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Women’s News: What I Know About Being Single Now That I’m In My 30s

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Jill Di Donato

Author of Beautiful Garbage: A Novel, and Professor of English

I had my first love affair when I was in the fifth grade.

I think my 11-year-old paramour may have been the first guy to tell me, “I love you.” On Valentine’s Day, he gave me a red rose and a hot pink pencil with a heart-shaped eraser. He introduced me to Stephen King and took me to the best pizza joint on the block. When we weren’t fighting dramatically, involving our entire social circle in our “domestic” squabbles, we’d play Truth Or Dare, listen to Rob Base & DJ EZ Rock tell us how “It Takes Two” or Young MC break down how to “Bust A Move,” as if we had any clue. Ironically, I think we had more of a clue than either of us knew. I can only speak for myself a good 20-odd years later, but I had iterations of that very fraught affair — a fifth grade romance — throughout my 20s and even into my 30s. I suppose it’s not such an unusual thing to relive, repeat or reenact the same dysfunctional relationship over and over again with the characters that fill your life. And, trust me, you will, unless you consciously do something differently. But platitudes like: “You’re single because you are too picky/spend too much time on your career/enjoy living an extended adolescence” are not helpful ways of understanding what it means or feels like to be single. As a single gal, you don’t have a partner to champion and validate your needs. You have to do that for yourself. When you position your single status as such, isn’t it suddenly much more empowering?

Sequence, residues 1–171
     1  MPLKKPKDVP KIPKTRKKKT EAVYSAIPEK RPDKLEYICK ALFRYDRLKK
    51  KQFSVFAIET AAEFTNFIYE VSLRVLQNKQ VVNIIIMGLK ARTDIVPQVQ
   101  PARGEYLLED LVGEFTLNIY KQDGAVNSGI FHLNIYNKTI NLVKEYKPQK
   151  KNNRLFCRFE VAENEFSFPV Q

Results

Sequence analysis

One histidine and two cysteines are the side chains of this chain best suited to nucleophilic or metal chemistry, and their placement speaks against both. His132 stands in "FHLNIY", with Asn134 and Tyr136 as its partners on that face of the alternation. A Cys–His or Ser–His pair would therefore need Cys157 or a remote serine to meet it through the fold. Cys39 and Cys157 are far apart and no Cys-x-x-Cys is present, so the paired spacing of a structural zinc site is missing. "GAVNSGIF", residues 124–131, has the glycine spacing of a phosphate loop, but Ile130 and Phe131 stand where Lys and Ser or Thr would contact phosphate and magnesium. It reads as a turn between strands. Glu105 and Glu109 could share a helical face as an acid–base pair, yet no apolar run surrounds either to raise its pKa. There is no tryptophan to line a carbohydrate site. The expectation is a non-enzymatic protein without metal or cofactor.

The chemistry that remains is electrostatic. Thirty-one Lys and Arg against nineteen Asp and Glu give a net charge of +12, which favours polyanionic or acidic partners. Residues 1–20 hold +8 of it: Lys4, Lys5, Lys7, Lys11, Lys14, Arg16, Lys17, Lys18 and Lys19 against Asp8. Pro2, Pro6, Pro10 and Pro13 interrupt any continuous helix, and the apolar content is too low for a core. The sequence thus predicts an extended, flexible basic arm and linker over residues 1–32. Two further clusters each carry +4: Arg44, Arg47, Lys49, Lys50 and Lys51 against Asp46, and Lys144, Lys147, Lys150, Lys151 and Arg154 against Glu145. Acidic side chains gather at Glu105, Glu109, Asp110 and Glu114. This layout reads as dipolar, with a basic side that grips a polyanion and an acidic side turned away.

Read More: http://www.huffingtonpost.com/jill-di-donato/what-i-know-about-being-single-now-that-im-in-my-30s_b_4705746.html?utm_hp_ref=women&ir=Women?utm_hp_ref=women&ir=Women

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Comments

  1. This is an aside, really: My family has a long tradition of many members of both sexes remaining single, including members born in the latter half of the Nineteenth Century. When they grew up in small towns, the chances of finding a mate of the same aspirations and outlook were pretty slim. Those single members were never looked on as being incomplete or defective. In fact, at least one great-aunt had a suitor pursuing her their whole lives, but she chose singleness. They have been contributing and responsible members of the extended family, plus, they have had many opportunities for travel. I think maybe the singles in the family have felt emotionally supported by a loving family. This is just a note from the ‘other side’ of singleness. It would be a great thing if all single people could be in a place where they are viewed as confident and worthwhile people in the larger community.

  2. I think being single is difficult because society does not accept it well… there is an idea that we must be paired up… every generation of my family as had a single female, either by choice or by chance and they have been valuable and cherished members of the family group… they complete us because of their unique contributions, Every one is different and being single is simply an expression of that.

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